When it was time to go, my 4-year-old, Harper, spotted the balloons. The pink one, to be specific. Once her eyes locked on it I knew exactly what she was thinking. With the adept negotiating skills that seem far too mature for a 4-year-old, somehow she convinced her distracted mama to hand over two quarters for a little bit of pink glory. As the sweet bounce house worker handed her the prize, my girl beamed. So much joy for such a little face. With Harper's balloon in hand, we guided the rest of the crew out the door and toward a sea of various color minivans.

Just after we stepped outside and turned to say goodbye to our friends, toddler-tragedy struck: a gust of wind seized the pink balloon and began to carry it off into the distance. Immediately Harper shrieked in horror and began crying, “My balloon! My balloon!"

I didn't even have a moment to get out any words of consolation to her before friendship showed up.

Without hesitation, Kelly dropped her purse and took off running—no, sprinting— toward the balloon. This was no light breeze, it was wind she was up against, and she gave it her best athletic efforts. We watched as she chased that balloon down the parking lot, onto a sidewalk, near the storefront and eventually around the back of the building. For a few anxious seconds she was out of sight and we all wondered and hoped she would valiantly return with the prize in hand.

She didn't. The wind was too much that day. When she came back she knelt down to a sobbing little girl and wrapped her arms around her. “I'm so sorry about your balloon, sweetheart. I tried so hard to catch it." And she had. She did something in that moment that not even I did.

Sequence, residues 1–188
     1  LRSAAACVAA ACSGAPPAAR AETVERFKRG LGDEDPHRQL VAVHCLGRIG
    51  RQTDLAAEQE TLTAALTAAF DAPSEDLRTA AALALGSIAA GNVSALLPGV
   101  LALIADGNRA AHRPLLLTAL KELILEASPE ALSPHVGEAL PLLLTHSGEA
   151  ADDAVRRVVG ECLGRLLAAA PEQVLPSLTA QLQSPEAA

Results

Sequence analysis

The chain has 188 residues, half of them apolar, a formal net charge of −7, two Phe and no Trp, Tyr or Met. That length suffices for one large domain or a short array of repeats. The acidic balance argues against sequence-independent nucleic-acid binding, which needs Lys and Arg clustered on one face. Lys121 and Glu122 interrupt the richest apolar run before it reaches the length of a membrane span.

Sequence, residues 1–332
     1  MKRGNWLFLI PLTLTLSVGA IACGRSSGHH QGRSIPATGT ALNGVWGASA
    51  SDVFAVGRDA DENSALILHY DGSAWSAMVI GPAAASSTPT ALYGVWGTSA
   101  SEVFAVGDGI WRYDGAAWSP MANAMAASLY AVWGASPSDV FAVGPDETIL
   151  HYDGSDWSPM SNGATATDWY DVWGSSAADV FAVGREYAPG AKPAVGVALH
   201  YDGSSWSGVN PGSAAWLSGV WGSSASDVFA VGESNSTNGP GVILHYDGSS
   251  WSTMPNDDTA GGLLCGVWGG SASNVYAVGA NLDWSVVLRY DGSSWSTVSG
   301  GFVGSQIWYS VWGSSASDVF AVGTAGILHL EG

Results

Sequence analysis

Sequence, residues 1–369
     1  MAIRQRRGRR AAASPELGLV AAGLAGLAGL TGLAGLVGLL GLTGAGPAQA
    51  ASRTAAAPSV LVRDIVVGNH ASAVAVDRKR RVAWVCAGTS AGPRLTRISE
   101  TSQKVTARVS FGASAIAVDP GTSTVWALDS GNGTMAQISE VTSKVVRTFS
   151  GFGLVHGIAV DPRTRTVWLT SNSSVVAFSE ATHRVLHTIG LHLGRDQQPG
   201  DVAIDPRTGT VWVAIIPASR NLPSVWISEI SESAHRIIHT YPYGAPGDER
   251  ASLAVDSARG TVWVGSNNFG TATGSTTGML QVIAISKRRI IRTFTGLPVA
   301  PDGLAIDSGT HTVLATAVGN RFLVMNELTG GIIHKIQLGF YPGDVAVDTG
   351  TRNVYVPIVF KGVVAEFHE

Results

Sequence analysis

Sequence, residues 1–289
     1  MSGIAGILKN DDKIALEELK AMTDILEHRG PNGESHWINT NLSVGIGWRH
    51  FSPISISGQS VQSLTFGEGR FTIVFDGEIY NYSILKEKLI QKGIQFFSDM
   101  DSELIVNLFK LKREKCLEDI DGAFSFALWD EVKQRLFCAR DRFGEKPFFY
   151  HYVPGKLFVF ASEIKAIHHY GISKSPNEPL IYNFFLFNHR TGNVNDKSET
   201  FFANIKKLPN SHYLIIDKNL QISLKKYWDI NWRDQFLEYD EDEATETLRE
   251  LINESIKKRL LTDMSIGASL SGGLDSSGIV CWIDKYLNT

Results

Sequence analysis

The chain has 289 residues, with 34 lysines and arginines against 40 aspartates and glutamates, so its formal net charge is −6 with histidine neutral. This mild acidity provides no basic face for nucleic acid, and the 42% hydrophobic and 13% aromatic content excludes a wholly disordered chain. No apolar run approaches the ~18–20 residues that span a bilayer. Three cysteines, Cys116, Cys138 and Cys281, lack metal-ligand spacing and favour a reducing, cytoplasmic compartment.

Harper was still distraught as we squinted our eyes to see a little bit of pink floating high behind the building in the distance, but my heart was full.

My friend had just demonstrated the most important level of friendship two moms can ever attain: loving the other one's kids.

In moments like these, we learn a beautiful truth: love me and I'll be grateful for your friendship; love my babies, too, and I will do anything in the world for you. I'm not sure many things can do more for a mama's heart than seeing other people truly love her children.

And not just when they are sweet and innocent, but when they are not. Harper was very kind and grateful for the balloon that morning, but there have been plenty of times when she has not been so kind and grateful. Kelly would have taken off after that balloon anyway, because she has not reserved unconditional love for only her children, she's offered it to mine, too.